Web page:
- 10 years agoFavorite Answer
(Edit- I will not name the completely extinct classes or superclasses because Wikipedia has, in a nutshell, screwed them up.)
Traditionally (and nowadays inaccurately), all fish constituted the one class Actinopterygii. There were once five classes in the subphylum Vertebrata: Mammalia, Aves, Reptilia, Amphibia, and Actinopterygii. The first four are self explanatory. :)
However there is a headachingly massive amount of dispute among fish classification. Superclass, infraorder, subclass, etc. - each of these following groups have been classified as one or another. --__-- It is not worth explaining as every zoologist or ichthyologist is sure to disagree with the next.
So. Here are the three major distinctions among what we call 'fish'.
1. "Superclass" Agnatha: Jawless fishes. Lampreys, hagfish for example. The most primitive of fish.
2. "Class" Chondrichtyes. The sharks, rays, chimeras, and other cartilaginous, jawed fishes.
3. "Superclass" Osteichthyes. The jawed, bony fish. Largest group.
Osteichtyes is further divided into 2 important classes.
3A. Sarcopterygii. Lobe finned fish, such as lungfish and coelacanths. Most closely related to tetrapods (land creatures, and thus us humans).
3B. Actinopterygii. And here we have the 'ray finned fish', basically every other fish you can think of that is NOT lobe finned, cartilaginous, or jawless :) Angel fish, sturgeon, wrasse, guppy, you name it.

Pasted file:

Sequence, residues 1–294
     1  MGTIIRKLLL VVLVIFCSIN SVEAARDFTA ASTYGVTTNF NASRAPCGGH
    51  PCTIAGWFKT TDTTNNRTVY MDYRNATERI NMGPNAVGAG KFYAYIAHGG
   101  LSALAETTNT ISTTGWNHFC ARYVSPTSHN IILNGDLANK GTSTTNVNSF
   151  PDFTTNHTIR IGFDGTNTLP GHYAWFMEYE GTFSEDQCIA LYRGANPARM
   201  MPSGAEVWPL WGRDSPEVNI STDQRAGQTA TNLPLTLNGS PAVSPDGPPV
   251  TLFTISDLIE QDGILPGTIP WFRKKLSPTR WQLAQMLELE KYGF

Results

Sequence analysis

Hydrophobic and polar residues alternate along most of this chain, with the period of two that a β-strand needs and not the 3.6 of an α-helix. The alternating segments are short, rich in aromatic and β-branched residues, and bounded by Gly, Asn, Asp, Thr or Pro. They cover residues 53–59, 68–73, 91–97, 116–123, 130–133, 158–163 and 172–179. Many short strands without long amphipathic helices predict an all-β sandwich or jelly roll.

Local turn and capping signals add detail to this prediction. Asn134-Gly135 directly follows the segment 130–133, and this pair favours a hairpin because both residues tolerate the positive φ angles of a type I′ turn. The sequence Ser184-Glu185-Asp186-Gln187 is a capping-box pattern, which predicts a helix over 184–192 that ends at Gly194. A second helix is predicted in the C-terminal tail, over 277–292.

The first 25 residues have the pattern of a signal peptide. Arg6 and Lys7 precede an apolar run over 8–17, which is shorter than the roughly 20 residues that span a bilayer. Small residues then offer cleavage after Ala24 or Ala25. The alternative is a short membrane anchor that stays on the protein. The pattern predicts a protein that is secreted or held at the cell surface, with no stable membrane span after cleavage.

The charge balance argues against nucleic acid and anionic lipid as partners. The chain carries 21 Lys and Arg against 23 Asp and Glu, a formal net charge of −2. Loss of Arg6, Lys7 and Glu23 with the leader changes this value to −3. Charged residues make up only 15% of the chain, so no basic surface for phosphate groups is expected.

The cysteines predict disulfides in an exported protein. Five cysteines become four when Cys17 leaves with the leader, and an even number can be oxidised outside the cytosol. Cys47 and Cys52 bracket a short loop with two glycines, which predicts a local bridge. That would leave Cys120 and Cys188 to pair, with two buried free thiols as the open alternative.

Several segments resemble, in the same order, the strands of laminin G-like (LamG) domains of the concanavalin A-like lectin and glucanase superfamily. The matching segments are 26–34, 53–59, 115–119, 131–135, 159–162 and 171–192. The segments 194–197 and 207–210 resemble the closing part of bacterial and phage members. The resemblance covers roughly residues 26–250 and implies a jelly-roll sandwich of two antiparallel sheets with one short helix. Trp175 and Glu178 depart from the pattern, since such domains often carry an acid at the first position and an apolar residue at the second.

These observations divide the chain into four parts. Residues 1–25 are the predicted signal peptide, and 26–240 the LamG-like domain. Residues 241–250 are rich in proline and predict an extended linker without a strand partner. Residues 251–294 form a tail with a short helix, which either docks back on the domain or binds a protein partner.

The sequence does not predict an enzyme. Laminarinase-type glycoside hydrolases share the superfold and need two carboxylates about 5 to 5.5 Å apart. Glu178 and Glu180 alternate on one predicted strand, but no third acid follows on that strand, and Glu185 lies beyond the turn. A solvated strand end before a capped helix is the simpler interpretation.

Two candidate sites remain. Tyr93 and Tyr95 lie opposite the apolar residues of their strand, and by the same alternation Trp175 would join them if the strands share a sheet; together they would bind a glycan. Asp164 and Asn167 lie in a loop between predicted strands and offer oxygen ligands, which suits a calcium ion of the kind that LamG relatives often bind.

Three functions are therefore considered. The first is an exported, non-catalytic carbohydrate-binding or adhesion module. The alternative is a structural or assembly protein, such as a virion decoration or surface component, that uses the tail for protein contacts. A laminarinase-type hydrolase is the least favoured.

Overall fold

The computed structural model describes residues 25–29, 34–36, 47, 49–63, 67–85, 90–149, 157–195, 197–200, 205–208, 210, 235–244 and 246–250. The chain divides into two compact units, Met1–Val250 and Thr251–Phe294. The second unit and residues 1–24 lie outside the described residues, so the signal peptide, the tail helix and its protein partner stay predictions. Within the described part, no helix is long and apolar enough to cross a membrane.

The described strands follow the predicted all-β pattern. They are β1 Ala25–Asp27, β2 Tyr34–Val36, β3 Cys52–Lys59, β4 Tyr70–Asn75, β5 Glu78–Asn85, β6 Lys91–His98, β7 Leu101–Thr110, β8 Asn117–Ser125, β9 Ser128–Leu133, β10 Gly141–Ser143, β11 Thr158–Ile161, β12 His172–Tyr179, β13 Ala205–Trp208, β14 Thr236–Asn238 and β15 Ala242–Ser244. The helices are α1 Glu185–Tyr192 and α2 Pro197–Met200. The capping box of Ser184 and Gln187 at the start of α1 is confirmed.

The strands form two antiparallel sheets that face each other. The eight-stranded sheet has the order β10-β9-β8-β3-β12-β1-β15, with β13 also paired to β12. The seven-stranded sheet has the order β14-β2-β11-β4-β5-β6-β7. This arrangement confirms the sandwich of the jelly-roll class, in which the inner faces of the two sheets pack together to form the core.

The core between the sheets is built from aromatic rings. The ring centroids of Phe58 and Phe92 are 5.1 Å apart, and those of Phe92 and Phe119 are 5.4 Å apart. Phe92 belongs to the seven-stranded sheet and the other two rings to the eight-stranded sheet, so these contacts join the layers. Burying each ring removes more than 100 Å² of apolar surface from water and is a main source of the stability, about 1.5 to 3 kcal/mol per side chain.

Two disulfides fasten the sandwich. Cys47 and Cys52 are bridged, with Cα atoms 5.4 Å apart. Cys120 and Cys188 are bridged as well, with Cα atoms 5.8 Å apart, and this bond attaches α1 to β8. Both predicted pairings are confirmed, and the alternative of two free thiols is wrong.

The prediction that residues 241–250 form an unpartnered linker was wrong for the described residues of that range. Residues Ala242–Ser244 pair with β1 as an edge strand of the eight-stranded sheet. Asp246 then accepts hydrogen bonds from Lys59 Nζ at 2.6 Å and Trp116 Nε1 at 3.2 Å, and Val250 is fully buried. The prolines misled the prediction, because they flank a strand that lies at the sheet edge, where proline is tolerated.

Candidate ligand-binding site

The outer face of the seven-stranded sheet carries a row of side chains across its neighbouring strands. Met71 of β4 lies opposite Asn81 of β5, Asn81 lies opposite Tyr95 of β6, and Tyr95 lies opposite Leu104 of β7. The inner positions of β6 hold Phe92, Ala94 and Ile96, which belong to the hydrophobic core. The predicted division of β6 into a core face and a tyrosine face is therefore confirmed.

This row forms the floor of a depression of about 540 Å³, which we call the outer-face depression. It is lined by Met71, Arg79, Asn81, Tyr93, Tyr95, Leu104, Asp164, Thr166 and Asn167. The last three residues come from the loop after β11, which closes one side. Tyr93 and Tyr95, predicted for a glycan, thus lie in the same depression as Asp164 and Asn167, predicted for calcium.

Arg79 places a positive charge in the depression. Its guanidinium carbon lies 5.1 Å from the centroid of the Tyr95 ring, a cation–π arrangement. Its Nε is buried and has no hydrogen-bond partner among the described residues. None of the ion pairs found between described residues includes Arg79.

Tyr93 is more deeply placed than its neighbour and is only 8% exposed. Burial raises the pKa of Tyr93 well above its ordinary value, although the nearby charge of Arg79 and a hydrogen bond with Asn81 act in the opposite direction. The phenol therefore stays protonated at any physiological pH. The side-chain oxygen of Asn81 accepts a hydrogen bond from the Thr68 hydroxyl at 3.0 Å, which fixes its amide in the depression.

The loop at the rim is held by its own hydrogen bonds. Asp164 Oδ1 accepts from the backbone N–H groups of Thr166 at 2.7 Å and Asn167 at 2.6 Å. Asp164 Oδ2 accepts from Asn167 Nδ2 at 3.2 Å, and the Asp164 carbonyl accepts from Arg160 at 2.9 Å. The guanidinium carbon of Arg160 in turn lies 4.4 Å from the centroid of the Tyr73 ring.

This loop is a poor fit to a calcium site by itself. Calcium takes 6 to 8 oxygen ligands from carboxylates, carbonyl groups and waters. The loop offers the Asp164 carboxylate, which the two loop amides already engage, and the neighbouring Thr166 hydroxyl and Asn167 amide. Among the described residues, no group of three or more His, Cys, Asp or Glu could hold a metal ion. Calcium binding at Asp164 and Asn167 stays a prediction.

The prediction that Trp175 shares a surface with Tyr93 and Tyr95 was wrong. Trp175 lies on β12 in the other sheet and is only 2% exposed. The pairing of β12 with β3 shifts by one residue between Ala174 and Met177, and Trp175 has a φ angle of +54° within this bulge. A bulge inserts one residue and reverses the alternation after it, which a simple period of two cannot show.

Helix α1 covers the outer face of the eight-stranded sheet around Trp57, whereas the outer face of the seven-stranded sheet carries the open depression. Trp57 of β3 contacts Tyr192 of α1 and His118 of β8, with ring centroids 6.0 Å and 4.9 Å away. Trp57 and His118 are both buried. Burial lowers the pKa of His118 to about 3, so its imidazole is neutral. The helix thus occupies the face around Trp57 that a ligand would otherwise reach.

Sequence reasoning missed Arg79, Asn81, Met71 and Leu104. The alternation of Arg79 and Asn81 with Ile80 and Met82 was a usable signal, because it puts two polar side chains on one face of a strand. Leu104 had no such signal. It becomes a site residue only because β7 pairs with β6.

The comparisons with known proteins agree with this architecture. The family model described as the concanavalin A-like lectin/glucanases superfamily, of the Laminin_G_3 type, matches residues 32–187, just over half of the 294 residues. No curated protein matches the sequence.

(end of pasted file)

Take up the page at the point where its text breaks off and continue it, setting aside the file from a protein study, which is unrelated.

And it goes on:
So, I hope that was not too confusing for you, and that you got the gist of it. Fish are amazingly interesting to classify, seeing as they are our closest link to invertebrates, but classification of any living thing can result in ... confusion.
I am reading a Richard Dawkins book and (I forgot who!) he put this quote from someone along the lines of, "If we try to catalogue every living plant or animal, the essence and wonder of nature and the power of evolution will be lost to the shrewd mind." Something like that.Source(s): http://www.flmnh.ufl.edu/fish/education/groupsfish... Interests in zoology and evolution (as well as aquariumkeeping(: )
- 10 years ago
Class Myxini (hagfish)
Class Pteraspidomorphi (early jawless fish)
Class Petromyzontida or Hyperoartia
Class Conodonta (conodonts)
Class Cephalaspidomorphi (early jawless fish)
Infraphylum Gnathostomata (jawed vertebrates)
Class Placodermi (armoured fish)
Class Chondrichthyes (cartilaginous fish)
Class Acanthodii (spiny sharks)
Superclass Osteichthyes (bony fish)
Class Actinopterygii (ray-finned fish)
Order Acipenseriformes (surgeons and paddlefishes)
Order Polypteriformes (reedfishes and bichirs).
Infraclass Holostei (gars and bowfins)
Infraclass Teleostei (many orders of common fish)
Class Sarcopterygii (lobe-finned fish)
Subclass Coelacanthimorpha (coelacanths)
Subclass Dipnoi (lungfish)Source(s): Marine science major! But also its on wiki!!!!
- Anonymous6 years ago
This Site Might Help You.
Name the different classes of fish ?Source(s): classes fish: https://biturl.im/QThbv
- ?Lv 710 years ago
TROPICAL FRESHWATER FISH.